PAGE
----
August 26, 2022
Headlines — August 26, 2022 kiara
16 Jeffco Elementary Schools Face Possible Closures
16 schools in Jeffco School District are in danger of closing. Jeffco school district is the largest school district in the state and has the capacity to accommodate 96 thousand students.
Board members held an official meeting yesterday to discuss this year’s low enrollment numbers, which are about– about 25 thousand students short.
According to 9News, District staff recommend that Jeffco school board close 16 elementary schools across the county where enrollment numbers are especially low.
9News reported that elementary schools take up about 39% of the district’s capacity. Within the last two years, two elementary schools have already been closed.
“In 2020, the lowest number of births in 15 years was recorded. There are significantly fewer school-aged children in Jeffco today than 20 years ago, “ which was reported from a special meeting agenda on Thursday. For each school that may close, the district will relocate students to nearby schools.
Suggestions from the community were to turn old schools into community centers or affordable housing.
Colorado Has Issued A Cease And Desist Order For Prospect Energy Krause Site In Fort Collins
The Colorado Department of Public Health and Environment’s Air Pollution Control Division ordered Thursday that the oil and gas company Prospect Energy permanently cease operations at their Krause site north of Fort Collins. This order came after the company had numerous violations that endangered the public. The CDPHE cited Krause for failing to maintain volatile organic compounds seeping about from vapor lines in compliance with the state’s Vapor Control System Guidelines.
According to a press release, the CDPHE says its decision comes after years of repeated complaints from neighbors, warnings, and attempts to penalize pollution violations.
The release says that Colorado statute gives the state the authority to shut down a source of pollution if it creates an unhealthy or disruptive environment for nearby residences or businesses. If Prospect Energy can demonstrate that it has identified and addressed all concerns, it may resume operations at the Krause site.
“This is an exceptional and rare course of action, and we do not take it lightly,” said Michael Ogletree, director of the Air Pollution Control Division. “This is a unique situation that calls for extraordinary measures to ensure we are protecting public welfare.”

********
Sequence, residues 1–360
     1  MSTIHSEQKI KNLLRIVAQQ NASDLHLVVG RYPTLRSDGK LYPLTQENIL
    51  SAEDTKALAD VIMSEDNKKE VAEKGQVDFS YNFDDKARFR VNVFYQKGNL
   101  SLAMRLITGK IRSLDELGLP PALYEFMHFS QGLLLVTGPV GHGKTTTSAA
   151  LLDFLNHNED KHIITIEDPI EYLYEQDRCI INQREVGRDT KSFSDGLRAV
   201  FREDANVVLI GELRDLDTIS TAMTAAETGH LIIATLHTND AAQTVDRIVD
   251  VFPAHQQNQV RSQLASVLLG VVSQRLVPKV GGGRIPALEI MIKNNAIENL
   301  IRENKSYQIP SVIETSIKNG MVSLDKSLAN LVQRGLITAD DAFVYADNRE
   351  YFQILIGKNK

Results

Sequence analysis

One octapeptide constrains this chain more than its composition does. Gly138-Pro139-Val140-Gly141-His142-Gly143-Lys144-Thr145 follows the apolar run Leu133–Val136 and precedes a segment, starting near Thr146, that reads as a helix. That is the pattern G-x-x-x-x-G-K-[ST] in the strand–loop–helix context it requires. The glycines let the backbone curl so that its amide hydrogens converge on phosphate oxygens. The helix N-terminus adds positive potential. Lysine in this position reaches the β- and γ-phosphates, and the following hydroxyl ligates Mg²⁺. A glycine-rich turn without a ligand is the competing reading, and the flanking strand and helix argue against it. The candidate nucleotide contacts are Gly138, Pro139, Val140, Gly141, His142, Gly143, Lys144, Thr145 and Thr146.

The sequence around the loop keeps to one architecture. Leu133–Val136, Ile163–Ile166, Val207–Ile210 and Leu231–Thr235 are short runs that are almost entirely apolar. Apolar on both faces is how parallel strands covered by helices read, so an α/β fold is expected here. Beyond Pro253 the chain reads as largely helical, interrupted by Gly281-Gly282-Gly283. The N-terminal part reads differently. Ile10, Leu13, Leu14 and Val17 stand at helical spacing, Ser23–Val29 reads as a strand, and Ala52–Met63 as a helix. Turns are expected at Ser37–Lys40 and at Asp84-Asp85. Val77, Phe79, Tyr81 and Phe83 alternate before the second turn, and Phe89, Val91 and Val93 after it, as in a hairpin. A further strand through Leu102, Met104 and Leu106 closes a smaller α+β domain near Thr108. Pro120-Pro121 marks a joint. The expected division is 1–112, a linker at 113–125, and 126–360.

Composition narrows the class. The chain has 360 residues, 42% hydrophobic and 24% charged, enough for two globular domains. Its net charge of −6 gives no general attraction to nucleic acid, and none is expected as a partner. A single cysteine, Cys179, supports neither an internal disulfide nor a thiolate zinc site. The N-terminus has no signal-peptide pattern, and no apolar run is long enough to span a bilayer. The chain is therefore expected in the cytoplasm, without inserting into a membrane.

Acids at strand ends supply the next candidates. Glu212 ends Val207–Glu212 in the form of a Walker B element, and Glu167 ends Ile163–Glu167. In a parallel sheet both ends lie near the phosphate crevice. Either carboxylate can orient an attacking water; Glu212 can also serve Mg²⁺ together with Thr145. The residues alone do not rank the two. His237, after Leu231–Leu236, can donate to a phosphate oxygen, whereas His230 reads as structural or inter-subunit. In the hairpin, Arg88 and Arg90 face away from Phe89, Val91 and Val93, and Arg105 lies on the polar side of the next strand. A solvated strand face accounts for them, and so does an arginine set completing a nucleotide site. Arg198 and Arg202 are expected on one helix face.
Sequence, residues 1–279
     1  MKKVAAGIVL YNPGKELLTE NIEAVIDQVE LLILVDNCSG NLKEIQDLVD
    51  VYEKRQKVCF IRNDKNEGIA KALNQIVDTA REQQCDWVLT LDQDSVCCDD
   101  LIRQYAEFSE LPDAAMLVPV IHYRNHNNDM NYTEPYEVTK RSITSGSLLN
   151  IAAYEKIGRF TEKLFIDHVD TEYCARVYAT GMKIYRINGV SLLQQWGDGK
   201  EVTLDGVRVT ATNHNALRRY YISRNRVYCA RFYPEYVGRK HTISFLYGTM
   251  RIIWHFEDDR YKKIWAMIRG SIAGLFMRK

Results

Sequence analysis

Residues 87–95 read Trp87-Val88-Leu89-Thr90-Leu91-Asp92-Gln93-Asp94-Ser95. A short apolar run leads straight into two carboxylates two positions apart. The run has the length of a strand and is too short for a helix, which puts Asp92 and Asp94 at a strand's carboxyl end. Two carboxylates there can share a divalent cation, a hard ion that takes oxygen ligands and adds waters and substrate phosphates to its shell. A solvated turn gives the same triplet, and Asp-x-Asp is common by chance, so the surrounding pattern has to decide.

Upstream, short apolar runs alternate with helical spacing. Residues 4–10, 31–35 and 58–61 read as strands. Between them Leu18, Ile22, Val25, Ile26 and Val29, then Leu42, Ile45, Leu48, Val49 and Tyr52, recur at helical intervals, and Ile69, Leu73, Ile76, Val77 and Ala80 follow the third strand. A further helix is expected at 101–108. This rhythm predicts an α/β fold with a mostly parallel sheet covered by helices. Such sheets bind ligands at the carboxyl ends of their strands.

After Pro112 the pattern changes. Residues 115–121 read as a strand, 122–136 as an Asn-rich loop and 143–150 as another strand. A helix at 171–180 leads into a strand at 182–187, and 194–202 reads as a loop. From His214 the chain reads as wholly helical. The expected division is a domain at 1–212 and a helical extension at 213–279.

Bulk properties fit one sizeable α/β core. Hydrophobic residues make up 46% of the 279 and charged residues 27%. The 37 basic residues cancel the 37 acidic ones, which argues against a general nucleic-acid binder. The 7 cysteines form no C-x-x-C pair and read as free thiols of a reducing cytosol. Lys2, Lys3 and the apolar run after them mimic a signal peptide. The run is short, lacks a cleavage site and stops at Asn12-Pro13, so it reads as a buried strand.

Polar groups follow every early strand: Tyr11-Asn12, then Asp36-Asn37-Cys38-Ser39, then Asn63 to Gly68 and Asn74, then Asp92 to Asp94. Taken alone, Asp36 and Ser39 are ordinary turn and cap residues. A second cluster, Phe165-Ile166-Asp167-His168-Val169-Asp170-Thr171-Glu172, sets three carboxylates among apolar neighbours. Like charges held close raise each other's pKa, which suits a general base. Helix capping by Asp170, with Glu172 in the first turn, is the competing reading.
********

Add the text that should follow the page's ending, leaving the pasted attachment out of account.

Krause facility is located within close proximity to multiple public buildings, private residences, and businesses, that have complained for years about the oil and gas site.
The CDPHE will continue to monitor the site due to Prospect Energy failing to correct its violations in the past.
Tina Peters’ Former Deputy Agrees To Testify
Former Mesa County Clerk, Tina Peters, was indicted on multiple felony and misdemeanor charges for election tampering and fraud
The Mesa County Court announced yesterday afternoon that her former deputy, Belinda Knisley, will testify against Peters in court as part of a plea deal. Knisley pleaded guilty to a misdemeanor for trespassing, first-degree official misconduct, and violation of duty. Knisley was sentenced to 150 hours of community service, and two years of unsupervised probation and she cannot work another election.
According to The Colorado Sun, Kinsley’s plea brings a significant threat to Peters’ defense against felony charges for a security breach last year of her county’s election system.
“Her value to us as a witness — it’s important, it’s critical,” Mesa County District Attorney Dan Rubinstein said to The Colorado Sun. She also added that in June during a plea hearing in Grand Junction, Knisley was interviewed at the attorney general’s office in Denver for seven hours, where she provided information to assist in the investigation into Peters.
Peters is due to be arraigned on Sept. 7.
City Repeals Local Disaster Emergency Related To COVID-19
Starting August 31, Boulder County will repeal the last five emergency-related COVID-19 orders.
According to a press release, City Manager Nuria Rivera-Vandermyde has concluded that these orders can be safely repealed because the threat to public health posed by COVID-19 has diminished.
In-person meetings for Boulder City council will resume on September 1, with the public welcomed back in October.
“The last two and a half years have not been easy,” Rivera-Vandermyde said. “I look back with gratitude to our community for working together through the pandemic and now ahead with confidence in a brighter future thanks to all we have learned.”
The Marshall Fire is Officially Cleaned up
After four months of work, the Boulder County Debris Removal Program has finished cleaning up the remains of the Martial Fire that burned its way through boulder in late December. Services had to clear 566 properties of debris, ash, vegetation, and concrete. In total, the cleanup effort removed 103,662 tons of ash and debris.
The Marshall fire burned through over 6,000 acres of land in Boulder County. It was the most destructive fire in Colorado’s history in terms of structures lost.
Boulder County commissioners Chairwoman Marta Loachamin said in a written statement that this was a major milestone in the community’s recovery from the fire.
City hosting public engagement opportunities for the Homelessness Day Center
Today, from noon to 1:30 PM, the Housing and Human Services Department is hosting a feedback session for the Homeless Day Center. According to a press release, the goal for the center is to serve as a daytime facility that provides resource navigation and other services to assist individuals experiencing unsheltered homelessness.
Boulder City Council said the center is one of ten priorities at the 2022 City Council retreat.
Headlines — August 26, 2022 kiara